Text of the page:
This Saturday, Congolese cultural worker, Sabrina Moella joined us. She is the creator of the remarkable one-woman play “Made in Congo: From Kinshasa to Broadway.” We discussed her career as an artist and how Congolese are making a difference in their communities.
Sabrina Moella is a writer, a performer, a producer and a filmmaker based in Toronto. Born in France from Congolese parents, she grew up in Paris and started writing as soon as she was old enough to hold a pen.
Her poetry has been featured on various radio shows such as the LA-based show “Words on the Street” and the South African show “Badilisha Poetry”.
Her films have screened at more than one hundred film festivals across Europe, Canada and the US, including the Cannes Film Festival, Toronto International Film Festival Kids International Film Festival, UrbanWorld Film Festival, Hollywood Black Film Festival and the Reel World Film Festival.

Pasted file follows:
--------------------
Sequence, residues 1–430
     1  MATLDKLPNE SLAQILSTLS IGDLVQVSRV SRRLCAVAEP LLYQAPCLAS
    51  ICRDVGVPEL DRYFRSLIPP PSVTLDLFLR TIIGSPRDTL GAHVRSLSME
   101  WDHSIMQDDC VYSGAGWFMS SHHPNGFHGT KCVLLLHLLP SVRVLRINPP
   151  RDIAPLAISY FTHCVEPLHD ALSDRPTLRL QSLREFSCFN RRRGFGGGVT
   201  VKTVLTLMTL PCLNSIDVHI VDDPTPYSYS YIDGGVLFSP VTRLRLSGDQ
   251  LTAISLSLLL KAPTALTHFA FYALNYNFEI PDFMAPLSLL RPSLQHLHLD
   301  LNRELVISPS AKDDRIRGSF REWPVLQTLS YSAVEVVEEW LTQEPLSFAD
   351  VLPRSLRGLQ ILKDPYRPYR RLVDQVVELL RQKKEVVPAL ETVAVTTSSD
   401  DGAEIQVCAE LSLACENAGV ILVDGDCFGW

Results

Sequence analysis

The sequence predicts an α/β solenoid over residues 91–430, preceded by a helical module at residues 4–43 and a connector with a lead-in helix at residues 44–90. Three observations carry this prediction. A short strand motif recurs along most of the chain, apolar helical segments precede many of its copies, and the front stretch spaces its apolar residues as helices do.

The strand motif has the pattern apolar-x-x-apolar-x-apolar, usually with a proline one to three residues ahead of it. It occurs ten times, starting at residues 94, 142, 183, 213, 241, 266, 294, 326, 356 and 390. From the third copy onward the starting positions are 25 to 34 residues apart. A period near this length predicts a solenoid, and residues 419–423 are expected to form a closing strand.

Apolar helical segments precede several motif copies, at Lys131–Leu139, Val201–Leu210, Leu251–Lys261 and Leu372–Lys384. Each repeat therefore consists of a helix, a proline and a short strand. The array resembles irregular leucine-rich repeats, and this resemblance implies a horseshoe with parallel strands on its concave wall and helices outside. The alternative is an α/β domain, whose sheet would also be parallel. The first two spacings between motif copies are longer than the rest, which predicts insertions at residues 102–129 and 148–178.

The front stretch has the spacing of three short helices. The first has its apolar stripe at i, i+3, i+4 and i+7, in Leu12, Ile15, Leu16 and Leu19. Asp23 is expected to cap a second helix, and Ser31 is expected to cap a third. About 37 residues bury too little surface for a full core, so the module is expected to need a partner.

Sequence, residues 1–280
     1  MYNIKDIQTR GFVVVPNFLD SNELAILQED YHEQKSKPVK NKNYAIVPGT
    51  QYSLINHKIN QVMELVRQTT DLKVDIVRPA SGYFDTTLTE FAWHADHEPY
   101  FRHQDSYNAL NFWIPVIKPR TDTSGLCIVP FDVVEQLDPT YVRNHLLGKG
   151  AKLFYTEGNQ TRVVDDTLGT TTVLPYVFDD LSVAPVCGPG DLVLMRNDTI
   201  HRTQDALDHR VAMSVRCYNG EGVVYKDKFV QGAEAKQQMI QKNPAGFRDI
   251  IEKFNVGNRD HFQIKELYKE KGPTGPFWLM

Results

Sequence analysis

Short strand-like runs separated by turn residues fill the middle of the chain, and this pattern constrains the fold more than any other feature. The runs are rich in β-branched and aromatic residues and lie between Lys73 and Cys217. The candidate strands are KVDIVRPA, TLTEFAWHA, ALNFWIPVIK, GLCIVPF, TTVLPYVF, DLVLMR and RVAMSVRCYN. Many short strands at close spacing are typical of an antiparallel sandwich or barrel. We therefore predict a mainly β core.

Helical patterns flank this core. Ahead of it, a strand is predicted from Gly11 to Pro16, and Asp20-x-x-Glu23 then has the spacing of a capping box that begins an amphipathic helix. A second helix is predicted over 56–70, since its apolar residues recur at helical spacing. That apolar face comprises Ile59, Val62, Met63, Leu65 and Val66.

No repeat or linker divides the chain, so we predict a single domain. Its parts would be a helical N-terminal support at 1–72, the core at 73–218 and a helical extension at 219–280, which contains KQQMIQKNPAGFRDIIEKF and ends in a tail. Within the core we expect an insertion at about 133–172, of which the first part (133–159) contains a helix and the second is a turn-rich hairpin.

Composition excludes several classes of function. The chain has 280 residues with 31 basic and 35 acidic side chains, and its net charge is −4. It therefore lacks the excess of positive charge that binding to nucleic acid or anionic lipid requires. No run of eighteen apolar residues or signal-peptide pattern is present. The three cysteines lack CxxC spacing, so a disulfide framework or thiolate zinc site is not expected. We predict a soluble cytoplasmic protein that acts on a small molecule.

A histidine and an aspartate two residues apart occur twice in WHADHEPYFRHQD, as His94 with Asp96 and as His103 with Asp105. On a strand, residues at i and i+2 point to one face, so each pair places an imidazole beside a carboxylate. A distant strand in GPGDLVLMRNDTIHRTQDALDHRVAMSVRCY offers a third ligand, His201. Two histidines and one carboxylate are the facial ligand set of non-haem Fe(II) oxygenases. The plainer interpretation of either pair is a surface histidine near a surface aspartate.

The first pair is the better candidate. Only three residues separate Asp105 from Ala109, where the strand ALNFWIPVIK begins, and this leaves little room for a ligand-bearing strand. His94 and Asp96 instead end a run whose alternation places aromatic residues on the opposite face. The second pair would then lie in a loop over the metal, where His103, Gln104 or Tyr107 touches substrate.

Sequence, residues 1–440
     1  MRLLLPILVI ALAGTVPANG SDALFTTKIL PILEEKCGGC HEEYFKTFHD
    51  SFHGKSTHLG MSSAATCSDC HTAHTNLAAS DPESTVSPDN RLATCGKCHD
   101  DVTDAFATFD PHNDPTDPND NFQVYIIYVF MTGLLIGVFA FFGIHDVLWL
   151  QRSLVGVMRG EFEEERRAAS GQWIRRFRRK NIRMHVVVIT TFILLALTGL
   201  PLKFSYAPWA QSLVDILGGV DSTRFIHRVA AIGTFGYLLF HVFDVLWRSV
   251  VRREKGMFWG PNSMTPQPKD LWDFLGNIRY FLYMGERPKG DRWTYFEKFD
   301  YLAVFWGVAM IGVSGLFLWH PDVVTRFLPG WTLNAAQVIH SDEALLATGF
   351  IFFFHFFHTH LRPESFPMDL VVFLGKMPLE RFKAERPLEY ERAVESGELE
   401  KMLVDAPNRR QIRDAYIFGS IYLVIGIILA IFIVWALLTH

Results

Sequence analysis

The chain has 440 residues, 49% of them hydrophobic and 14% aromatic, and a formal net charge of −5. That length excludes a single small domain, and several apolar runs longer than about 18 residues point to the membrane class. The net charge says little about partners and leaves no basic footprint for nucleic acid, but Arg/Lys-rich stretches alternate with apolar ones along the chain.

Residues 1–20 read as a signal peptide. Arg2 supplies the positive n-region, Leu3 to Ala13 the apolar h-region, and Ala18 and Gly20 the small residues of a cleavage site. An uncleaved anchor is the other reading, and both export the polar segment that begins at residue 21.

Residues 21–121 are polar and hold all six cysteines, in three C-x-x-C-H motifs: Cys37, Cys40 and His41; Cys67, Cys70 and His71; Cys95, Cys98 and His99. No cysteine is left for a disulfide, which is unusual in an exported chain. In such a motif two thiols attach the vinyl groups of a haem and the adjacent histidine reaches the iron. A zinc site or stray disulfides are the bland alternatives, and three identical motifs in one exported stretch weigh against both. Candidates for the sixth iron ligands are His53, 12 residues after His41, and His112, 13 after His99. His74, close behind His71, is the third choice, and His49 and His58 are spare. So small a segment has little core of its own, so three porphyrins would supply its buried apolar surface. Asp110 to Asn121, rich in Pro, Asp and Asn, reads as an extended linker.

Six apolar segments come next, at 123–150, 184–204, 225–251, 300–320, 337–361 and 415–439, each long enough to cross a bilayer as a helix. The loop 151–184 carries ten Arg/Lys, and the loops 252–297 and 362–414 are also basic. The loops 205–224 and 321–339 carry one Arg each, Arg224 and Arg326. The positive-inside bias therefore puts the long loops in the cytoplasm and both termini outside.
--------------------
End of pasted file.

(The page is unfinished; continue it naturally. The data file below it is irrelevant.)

In 2014, she made her Broadway debut with her autobiographical one-woman play “Made in Congo”, which was part of the United Solo Festival.
Sabrina is a yoga practitioner who strongly believes in healing through the arts. She was one of the founding members of “I Get Out”, a collective of black women storytellers from Toronto, and is now sitting on the committee of the Piece of Mine theatre festival which showcases work-in-development from emerging and established black playwrights.
Sabrina is currently working on a bilingual collection of poems and short stories entitled “If my mother’s wrappers could talk /Sous les pagnes des mamans”. And when she’s not busy memorizing poetry or directing new short films, she can be found braiding her girlfriends’ hair downtown Toronto or rehearsing awesome soukouss steps in her living room.